Highlands is planning for all k-12 in-school, classes

Due to their size, Highlands and Nantahala Schools are reopening Aug. 17 under different guidelines than the Franklin-area schools.

During the Monday night Macon County School Board meeting, Superintendent of Macon County Schools Dr. Chris Baldwin and staff outlined various scenarios for the nine other schools in the district which involve alternate days or alternate weeks or complete remote learning through the system’s new Virtual Academy.

Though Highlands School has more enrollees than usual, it and Nantahala still have fewer students and more useable square footage than other schools in the district so they will have in-person school at their locations for all grades K-12, five days a week.

However, there are still strict requirements that must be followed involving social-distancing, cleaning protocols and symptom checks.

“Highlands School’s ADM (Average Daily Membership) vs. square footage will allow staff to manage the social distancing requirements that more densely populated schools in the Franklin area cannot manage,” said Superintendent Baldwin. “For example, Highlands School’s projected average class size in grades K-3 is 12.8 compared to 18.5 in the Franklin-area schools. It is much easier to space 13 children 6 feet apart than it is to socially distance 19 students in roughly the same amount of space.”

Highlands School Principal Brian Jetter said his goal is to get all students K-12 to school five days a week beginning Aug. 17 but specifics are still being worked out.

“At the moment, we think it will involve masks for anyone that enters the building whether it is an adult or student K-12; 6-foot distancing in and out of class; very limited visitors, parents or others, who will all have to wear a mask; everyone having temperatures checked before they can enter the building; desks in classrooms 6 feet apart; students and teachers washing their hands three to four times a day; rooms with hand sanitizer; all rooms wiped down with sanitizer wipes at least three times a day; every classroom sprayed with an electrostatic sanitizer every evening when there is no one else in the building; students and teachers having scheduled breaks outside with social distancing for mask-free breaks; breakfast and lunch eaten in the classrooms for most students; and students going directly to their classrooms in the morning with no congregating in the halls or school foyer,” said Jetter.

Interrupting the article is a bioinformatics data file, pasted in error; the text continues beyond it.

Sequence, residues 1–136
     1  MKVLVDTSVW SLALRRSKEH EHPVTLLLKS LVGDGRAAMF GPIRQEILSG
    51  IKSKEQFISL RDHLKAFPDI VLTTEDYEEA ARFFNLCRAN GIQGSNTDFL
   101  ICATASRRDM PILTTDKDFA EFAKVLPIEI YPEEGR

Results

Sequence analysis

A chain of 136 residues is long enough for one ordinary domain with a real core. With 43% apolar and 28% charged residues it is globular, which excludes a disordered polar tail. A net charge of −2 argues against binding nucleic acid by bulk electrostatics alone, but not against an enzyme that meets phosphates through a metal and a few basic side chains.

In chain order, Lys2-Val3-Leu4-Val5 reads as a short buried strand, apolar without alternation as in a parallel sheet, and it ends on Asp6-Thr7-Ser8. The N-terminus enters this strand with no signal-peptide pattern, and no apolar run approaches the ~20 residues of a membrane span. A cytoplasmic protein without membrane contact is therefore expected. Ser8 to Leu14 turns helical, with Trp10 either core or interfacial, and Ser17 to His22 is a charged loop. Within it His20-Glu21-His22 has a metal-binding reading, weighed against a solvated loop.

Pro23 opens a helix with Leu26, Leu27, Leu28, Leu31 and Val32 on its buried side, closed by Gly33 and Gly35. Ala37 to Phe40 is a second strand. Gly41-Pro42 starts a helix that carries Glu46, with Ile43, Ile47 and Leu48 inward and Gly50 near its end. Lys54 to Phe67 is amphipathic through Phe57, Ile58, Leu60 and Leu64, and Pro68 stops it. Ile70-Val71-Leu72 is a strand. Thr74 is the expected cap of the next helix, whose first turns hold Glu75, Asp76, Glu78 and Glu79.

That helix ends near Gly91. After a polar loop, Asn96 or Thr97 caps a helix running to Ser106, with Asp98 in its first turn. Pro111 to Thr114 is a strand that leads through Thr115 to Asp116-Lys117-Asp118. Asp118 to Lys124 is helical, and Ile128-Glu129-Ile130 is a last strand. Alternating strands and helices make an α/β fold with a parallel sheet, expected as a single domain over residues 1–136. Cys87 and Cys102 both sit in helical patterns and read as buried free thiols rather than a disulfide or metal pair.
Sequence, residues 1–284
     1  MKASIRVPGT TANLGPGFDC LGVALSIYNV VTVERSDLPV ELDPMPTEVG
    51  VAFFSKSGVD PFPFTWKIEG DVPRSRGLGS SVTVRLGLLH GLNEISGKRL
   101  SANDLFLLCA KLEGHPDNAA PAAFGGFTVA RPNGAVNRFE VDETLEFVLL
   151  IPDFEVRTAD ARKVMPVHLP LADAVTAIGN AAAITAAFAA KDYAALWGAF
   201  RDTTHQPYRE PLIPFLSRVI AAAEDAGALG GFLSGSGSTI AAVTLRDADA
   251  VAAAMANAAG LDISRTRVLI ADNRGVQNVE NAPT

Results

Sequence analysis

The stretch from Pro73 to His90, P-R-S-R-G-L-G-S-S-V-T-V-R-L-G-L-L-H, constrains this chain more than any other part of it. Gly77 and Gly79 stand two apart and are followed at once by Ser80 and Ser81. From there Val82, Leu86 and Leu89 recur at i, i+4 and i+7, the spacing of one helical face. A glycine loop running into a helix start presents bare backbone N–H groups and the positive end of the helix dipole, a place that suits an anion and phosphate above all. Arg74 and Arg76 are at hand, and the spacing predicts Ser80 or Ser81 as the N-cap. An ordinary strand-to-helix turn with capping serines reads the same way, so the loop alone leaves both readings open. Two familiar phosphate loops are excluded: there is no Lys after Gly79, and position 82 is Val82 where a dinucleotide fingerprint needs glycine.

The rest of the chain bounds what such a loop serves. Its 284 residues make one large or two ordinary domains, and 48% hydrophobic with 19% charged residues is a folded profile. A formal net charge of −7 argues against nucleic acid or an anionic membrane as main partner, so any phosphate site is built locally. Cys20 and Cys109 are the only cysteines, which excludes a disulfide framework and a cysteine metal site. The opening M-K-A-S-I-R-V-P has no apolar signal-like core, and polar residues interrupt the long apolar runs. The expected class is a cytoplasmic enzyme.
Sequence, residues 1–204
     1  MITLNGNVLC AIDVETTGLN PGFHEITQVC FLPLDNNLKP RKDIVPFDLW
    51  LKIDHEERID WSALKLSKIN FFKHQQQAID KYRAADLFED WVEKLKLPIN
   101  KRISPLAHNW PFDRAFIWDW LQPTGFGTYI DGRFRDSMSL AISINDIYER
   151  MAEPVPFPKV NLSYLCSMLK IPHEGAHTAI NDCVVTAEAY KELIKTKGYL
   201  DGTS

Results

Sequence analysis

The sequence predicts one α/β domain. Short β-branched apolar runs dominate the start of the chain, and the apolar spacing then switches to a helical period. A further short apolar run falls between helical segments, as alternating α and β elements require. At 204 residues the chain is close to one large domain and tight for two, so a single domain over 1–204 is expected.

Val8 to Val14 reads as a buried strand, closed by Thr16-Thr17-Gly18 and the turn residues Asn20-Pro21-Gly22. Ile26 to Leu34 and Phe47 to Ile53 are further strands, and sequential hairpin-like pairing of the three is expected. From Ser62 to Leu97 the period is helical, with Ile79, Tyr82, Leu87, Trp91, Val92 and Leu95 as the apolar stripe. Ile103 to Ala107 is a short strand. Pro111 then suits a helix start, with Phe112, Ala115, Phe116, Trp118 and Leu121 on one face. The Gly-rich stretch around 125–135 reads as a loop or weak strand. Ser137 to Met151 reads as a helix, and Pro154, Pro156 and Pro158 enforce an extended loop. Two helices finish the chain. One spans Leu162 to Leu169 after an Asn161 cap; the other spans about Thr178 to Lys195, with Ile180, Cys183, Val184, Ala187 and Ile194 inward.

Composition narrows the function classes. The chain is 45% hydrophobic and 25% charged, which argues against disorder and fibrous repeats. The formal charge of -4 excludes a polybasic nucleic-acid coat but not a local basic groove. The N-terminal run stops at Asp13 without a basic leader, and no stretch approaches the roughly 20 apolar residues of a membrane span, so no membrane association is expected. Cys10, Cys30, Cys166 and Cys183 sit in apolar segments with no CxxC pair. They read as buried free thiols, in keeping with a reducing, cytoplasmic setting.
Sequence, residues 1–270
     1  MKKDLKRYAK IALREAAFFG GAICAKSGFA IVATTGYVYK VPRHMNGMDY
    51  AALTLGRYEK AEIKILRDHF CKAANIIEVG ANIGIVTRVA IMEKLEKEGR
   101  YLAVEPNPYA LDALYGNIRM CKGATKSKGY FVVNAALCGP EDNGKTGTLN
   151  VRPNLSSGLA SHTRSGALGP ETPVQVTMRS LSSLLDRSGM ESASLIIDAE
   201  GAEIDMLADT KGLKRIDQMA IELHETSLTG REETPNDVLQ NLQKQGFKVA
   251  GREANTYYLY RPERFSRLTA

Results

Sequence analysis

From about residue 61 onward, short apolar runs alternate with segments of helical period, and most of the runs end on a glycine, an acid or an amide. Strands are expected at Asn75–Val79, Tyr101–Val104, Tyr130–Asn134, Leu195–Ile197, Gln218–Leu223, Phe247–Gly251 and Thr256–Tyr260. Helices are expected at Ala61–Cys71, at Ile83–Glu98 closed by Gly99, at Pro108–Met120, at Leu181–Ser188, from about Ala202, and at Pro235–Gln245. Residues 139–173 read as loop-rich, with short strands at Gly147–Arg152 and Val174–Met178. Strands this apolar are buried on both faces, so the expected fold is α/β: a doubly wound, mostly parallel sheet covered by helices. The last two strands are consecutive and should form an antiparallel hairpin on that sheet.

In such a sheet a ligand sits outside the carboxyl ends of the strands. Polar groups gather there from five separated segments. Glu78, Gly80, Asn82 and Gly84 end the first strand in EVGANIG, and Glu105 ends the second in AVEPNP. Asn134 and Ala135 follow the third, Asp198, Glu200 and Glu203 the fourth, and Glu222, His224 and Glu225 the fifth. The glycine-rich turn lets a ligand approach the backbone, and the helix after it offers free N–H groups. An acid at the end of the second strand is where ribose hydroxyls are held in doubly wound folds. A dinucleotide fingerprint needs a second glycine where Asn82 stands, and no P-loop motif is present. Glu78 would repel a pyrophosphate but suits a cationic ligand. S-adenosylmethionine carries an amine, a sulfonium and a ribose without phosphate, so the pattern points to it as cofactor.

Jetter said that scenario is a lot to do and will mean further planning, discussion and finalization to reach the ultimate goal – “Safety for students and employees first.” 

Though intentions are good, Jetter said he and staff may not be able to reach their goal of all students for five days a week in school.

“If we do not, we will go with another goal. So, I would ask parents to wait until we officially announce the specifics of opening school for the coming year – hopefully by Aug. 3. But we still have a lot of work and planning to do,” he said.

For those families who don’t want to risk in-person school, Macon County is creating a Virtual Academy for grades K-12. Any Macon County student can enroll for a minimum of nine weeks. After the nine-week period, they can choose to resume in-person school or continue with the Virtual Academy.

Meanwhile, Jetter said he doesn’t know the reasons, but this year there is growth in student enrollment from local and Summit Charter School transfers.

As of Tuesday, July 21, there are 409 students enrolled but he said that number can change daily.

So far for the 2020-’21 school year there are two Kindergarten classes for 27 students; two 1st-grade classes for 34 students; two 2nd-grade classes for 21 students; two 3rd-grade classes for 29 students; one 4th grade class for 24 students; one 5th grade class for 20 students; two 6th-grade classes for 35 students; two 7th-grade sections for 47 students; two 8th-grade sections for 32 students; four per day, 22 9th-graders; four per day, 45 10th-graders; four per day, 43 11th-graders and four per day 29 12th-graders.

Due to the number of students currently enrolled, the 4th-grade class was closed two weeks ago to discretionary students. A discretionary student is a student who lives outside the Highlands School District. 

Normally, those students are considered for enrollment, but available classrooms and teachers are the issue this year.

Everyone who enters the school will pass through a temperature taking machine that looks a lot like a metal detector. All schools in the system that requested these machines were given them – Highlands asked for and received five.

A person walks through it and the machine takes the temperature. If the temperature is 100.4 degrees or higher, the attendant is alerted. The person then goes to the office where another temperature is taken for verification. If the temperature verifies at 100.4 degrees or higher, and if the person is a student, they would be isolated, and a parent called to come get them. If it is an adult (even a teacher), the adult is removed from the building. 

In both cases, the Health Department will be called, and the person’s name and contact information given so the Health Department can follow-up.

Macon County Schools released another parent survey whose results will be collected until 4 p.m. Wed. July 29. This survey is site specific, therefore, parents are asked to complete it for each of their children. 

Click HERE to take the survey. 

Once the survey results are gathered, the Macon County Board of Education will hold at continued meeting Thursday, July 30 at 6 p.m. to announce the reopening plans for the district – specifically in the Franklin area. – which will be based on the wishes and responses from the surveys completed by district parents.

By Kim Lewicki, Highlands Newspaper

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